While it's possible that competitions among developers could produce innovative and useful tools for schools, Elliot Soloway, a professor of computer science and engineering at the University of Michigan in Ann Arbor, said that kind of payoff is a long shot. To succeed in serving K-12 schools, developers need a sophisticated knowledge of how schools operate and use curricula. That is knowledge they are not likely to gain from taking part in contests, he said.
"This is not a scalable, sustainable strategy," Mr. Soloway argued.
Time will tell. But for now, Chris Cooper, a Web developer in Glen Allen, Va., is an early beneficiary of those competitions. This past fall, Virginia's department of education and the center hosted four, 24-hour, simultaneous hackathons over a weekend.
A newcomer to hackathons, Mr. Cooper, attended an event in Richmond on a Friday, worked on his idea—a tool that uses demographic, academic, and other data to assess students' risks of dropping out—and went home for the evening, returning the next day to finish it. (Some of the hackathon entrants camped out at the various sites all night, center officials said.) Mr. Cooper was impressed with his competition—one idea called for a mobile app that helped donors locate Virginia classroom projects; another came up with a way to simplify queries that people use to search the data system.
But on Saturday, Mr. Cooper learned that his project, titled "Predictive Outcomes," had won a grand prize, worth $1,500. All told, more than $6,000 in prizes were awarded across the state.
Mr. Cooper, who owns a company called Daymuse Studios, said that when he has worked with K-12 systems in the past, he has occasionally grown frustrated when his proposals to improve school technology systems don't mesh with the desires of district technology staff. "You're kind of competing with their internal services," he said.
He said that competitions like the hackathon could encourage developers who had never considered producing tools for K-12 systems to give it a look.
"You think of education as a government institution that's always behind the ball," Mr. Cooper said. But the competition, he said, sends a signal to developers who would "love to apply their skills to areas that aren't for profit."

Sunday, February 10, 2013

When Lessons Go (Terribly) Wrong...

Lesson plans sometimes fail. It happens to all teachers. But how can teachers quickly modify lesson plans for the next class? This video—presented as part of a new partnership arrangement with the Teaching Channel—offers some tips.


Part of a new editorial partnership, this page features a weekly selection from the Teaching Channel, a nonprofit organization that provides high-quality videos on inspiring and effective teaching practices. Watch and share with colleagues.


LESSON IDEA (COMMON CORE) When a Lesson Goes Wrong (16 min)
Grades 9-12 / ELA / Analysis

Lesson plans sometimes fail. It happens to all teachers. But how can teachers quickly modify lesson plans for the next class? This video offers some tips, using a high school English class as an example.

Saturday, February 9, 2013

We want more money!

With budgets tight, states must link teacher pay to student achievement, Eric A. Hanushek writes.

Why Educators' Wages Must Be Revamped Now

Premium article access courtesy of
It is no secret that some school districts spend their money better than others. One can easily find groups of districts with the same student demographics and with the same expenditure levels producing very different levels of student achievement. Put another way, some (many?) districts are spending more than they need to spend, based on what other districts show is possible. Economists would summarize this as indicating the existence of considerable inefficiency in the operation of schools. But does this excess spending imply that we can simply cut back on spending without harming students?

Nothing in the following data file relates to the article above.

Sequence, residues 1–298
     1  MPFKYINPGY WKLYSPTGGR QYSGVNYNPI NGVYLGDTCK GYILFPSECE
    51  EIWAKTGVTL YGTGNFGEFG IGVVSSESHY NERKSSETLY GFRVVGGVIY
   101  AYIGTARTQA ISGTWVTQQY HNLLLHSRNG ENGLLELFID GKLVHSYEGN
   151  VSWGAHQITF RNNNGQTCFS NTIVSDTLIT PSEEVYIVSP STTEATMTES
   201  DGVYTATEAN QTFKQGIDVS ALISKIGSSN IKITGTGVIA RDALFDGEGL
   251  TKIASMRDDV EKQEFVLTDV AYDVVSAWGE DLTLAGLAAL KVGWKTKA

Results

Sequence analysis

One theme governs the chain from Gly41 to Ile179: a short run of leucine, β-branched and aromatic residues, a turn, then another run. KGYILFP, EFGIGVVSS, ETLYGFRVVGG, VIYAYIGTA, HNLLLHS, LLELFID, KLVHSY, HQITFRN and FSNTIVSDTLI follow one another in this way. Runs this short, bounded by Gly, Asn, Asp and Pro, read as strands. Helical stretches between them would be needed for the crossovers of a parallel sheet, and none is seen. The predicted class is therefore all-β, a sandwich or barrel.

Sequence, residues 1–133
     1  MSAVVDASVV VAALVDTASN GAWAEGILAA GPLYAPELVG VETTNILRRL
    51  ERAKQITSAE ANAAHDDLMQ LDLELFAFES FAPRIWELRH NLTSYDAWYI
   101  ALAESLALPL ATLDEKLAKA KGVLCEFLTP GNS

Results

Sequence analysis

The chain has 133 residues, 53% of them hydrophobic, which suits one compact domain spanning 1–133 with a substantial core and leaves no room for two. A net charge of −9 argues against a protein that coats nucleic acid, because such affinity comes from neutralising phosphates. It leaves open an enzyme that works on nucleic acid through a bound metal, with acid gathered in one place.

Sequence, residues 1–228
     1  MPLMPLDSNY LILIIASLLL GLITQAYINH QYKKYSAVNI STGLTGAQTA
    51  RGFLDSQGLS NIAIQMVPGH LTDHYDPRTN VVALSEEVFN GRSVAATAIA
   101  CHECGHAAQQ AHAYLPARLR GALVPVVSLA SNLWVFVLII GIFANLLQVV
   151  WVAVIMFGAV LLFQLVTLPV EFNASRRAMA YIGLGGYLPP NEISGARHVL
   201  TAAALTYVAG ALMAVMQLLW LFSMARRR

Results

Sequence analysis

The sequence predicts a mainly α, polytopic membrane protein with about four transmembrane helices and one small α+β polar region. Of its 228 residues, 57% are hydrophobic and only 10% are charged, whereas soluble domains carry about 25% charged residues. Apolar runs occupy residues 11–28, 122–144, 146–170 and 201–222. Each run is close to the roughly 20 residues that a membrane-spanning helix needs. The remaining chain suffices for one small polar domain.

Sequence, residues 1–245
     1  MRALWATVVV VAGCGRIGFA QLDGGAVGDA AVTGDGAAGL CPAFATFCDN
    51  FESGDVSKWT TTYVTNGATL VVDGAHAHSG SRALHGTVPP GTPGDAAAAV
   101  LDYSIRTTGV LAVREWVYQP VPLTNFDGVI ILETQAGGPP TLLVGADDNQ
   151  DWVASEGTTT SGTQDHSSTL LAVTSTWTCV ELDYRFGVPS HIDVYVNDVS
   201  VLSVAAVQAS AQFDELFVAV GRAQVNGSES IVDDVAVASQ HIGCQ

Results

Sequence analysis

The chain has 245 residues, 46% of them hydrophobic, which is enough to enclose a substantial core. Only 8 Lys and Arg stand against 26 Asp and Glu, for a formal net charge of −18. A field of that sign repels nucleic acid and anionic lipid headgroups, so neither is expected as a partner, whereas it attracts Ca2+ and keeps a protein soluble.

This surely is a key question that will come up this spring in statehouses across the nation as they face another tough budget year. District officials, if they are wise, will not just rely on the same old belt-tightening maneuvers. Indeed, perhaps the only viable option is seriously addressing policies toward educator salaries.
To put the issue in perspective, let's start with some basic history about the budgetary picture for schools. The recession of 2008 was a rude shock to state and local governments, and especially to schools. Coming off a century of continuous growth in spending per pupil, districts were slow to adjust to the possibility that the revenue collapse might actually put them on a more perilous spending path.
Initially, they were saved from tough decisions. The federal government, faced with a weakened overall economy, charged in to make up for fiscal shortfalls of school districts through a stimulus package designed to get the macroeconomy moving again. This package provided a bridge that kept spending in most states from falling at the pace of lost revenues.
In the 2009-10 school year (the latest with available data), when the stimulus was in full swing, the overall story was still not rosy. State and local revenues per pupil fell in real terms in 39 states. When federal stimulus dollars were added, overall real spending per pupil still declined in 23 states.

— Mathis
Moreover, the stimulus package was explicitly a temporary fix that was designed to end quickly—and it did. To the extent that they thought about it, most states and districts implicitly presumed that, as the stimulus funds were phased out, their own funds would return, and that they could then resume on their prior path. For that reason, in many states, the initial response after the stimulus money stopped flowing was largely to try to do what had been done before the recession and to wait out the storm.
The shock came after the stimulus went away. Even as state revenues began to recover, school spending generally did not return to its previous trajectory.
In reality, state and local revenues continue to be slow to recover, and states have found themselves facing deficits (many of which are illegal, according to state constitutions). Given overall state demands, a number of states are dealing with deficits by allowing school spending to fall. Moreover, most projections suggest that general fiscal pressures on schools are likely to last for some time.